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Pakistani death squads go after informants to U.S. drone program

The militant group known as Khorasan Mujahedin terrorizes villages near the Afghan border. Tribal elders say most of those killed are innocent.

December 28, 2011|By Alex Rodriguez, Los Angeles Times

It has counted 64 drone missile attacks in Pakistan this year, compared with 114 last year and 53 in 2009. Current and former U.S. officials say the CIA has decided to temporarily suspend so-called signature strikes — missile attacks against fighters and others whose actions suggest support for the Taliban and other insurgent groups — in an effort to mend relations with Pakistan.

Khorasan Mujahedin operates as a collective, drawing its members from Al Qaeda and North Waziristan militant groups, including the Punjabi Taliban, militants loyal to North Waziristan Taliban leader Hafiz Gul Bahadur, and the Haqqani network. Led by Sirajuddin Haqqani, the son of Afghan mujahedin commander Jalaluddin Haqqani, the Haqqani group is a wing of the Afghan Taliban and regarded as the deadliest threat to U.S. and NATO troops in Afghanistan.

Though the Pakistan army maintains a strong presence in North Waziristan, Khorasan Mujahedin operates virtually unhindered. The Pakistani intelligence official said the military doesn't act against Khorasan because of a peace pact that the government maintains with Bahadur, the North Waziristan Taliban leader.

In September, militants loyal to Bahadur disseminated a pamphlet announcing their disassociation with Khorasan after receiving complaints from tribesmen that Khorasan was kidnapping and executing innocent people.

"We tried time and again to reform [Khorasan Mujahedin] but could not succeed," read the pamphlet, which was signed by Bahadur and other North Waziristan Taliban leaders.

Despite Bahadur's stance, Pakistani security forces have given no indication they plan to act against Khorasan members.

Pakistani intelligence officials say Khorasan Mujahedin has an estimated 250 fighters and has been in existence since late 2009 or early 2010. The group operates like a commando team, swooping in to a village in squads of 40 to 60 and surrounding the area to prevent anyone from escaping. As they whisk away their suspect, one or two militants usually capture the event on video for propaganda purposes.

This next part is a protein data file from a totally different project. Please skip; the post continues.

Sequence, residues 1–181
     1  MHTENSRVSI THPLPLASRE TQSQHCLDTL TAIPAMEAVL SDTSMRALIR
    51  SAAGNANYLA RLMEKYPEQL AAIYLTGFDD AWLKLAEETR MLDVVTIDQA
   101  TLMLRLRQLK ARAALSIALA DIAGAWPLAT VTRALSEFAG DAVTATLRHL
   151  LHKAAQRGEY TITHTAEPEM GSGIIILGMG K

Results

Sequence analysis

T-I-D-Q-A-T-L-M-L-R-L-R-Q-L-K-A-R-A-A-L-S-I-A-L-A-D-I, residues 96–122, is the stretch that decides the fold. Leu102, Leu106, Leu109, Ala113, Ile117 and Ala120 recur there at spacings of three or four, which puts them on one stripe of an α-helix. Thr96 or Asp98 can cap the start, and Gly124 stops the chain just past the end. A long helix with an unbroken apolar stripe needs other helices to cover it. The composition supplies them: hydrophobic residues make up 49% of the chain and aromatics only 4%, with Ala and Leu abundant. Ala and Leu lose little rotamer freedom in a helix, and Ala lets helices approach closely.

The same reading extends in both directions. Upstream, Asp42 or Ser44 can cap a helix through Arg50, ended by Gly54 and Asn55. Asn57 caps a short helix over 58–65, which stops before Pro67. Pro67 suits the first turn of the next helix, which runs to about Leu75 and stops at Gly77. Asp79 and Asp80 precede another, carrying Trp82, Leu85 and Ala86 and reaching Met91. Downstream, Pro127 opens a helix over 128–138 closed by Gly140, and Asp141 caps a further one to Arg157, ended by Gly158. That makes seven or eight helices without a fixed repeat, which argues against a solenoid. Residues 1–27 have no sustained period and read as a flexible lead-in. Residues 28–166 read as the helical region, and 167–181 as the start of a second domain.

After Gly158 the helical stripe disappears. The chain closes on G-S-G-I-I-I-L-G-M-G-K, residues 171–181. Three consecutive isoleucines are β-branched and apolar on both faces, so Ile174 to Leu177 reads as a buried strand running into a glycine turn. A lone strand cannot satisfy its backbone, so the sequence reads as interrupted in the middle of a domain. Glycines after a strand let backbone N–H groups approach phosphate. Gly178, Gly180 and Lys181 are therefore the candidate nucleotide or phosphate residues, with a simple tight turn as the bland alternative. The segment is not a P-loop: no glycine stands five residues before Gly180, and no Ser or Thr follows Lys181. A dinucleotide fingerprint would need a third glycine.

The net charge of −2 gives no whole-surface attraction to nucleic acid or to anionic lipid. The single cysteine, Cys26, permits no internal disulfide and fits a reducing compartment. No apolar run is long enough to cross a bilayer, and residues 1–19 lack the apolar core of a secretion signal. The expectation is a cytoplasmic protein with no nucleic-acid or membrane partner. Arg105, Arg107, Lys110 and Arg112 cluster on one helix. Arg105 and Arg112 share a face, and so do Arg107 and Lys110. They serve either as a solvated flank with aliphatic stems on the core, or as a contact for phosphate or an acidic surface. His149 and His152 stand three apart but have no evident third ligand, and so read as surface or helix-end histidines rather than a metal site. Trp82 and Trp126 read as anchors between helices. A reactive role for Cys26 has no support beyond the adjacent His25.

"They never flee fast," said one North Waziristan tribesman, who spoke on condition of anonymity. "They always leave slowly, and sometimes fire shots into the air as they leave."

The shop owner in Mir Ali, who escaped serious injury and returned home after he was released, told his family he believed he was abducted because two other tribesmen that the militants had kidnapped had been seen spending time at his shop.

All through his detention, he maintained his innocence, the shop owner's relative said. There were moments when his captors were polite, and periods when they beat and kicked him. They videotaped his statement his first day there, then had him record a second statement three days later to see if there were any discrepancies between the two versions.

He had his own cell, the relative said, but could not venture out of it. He could hear other detainees elsewhere in the mud-brick house.

"He couldn't say how many others there were," the relative said. "But often he would hear them scream and cry."

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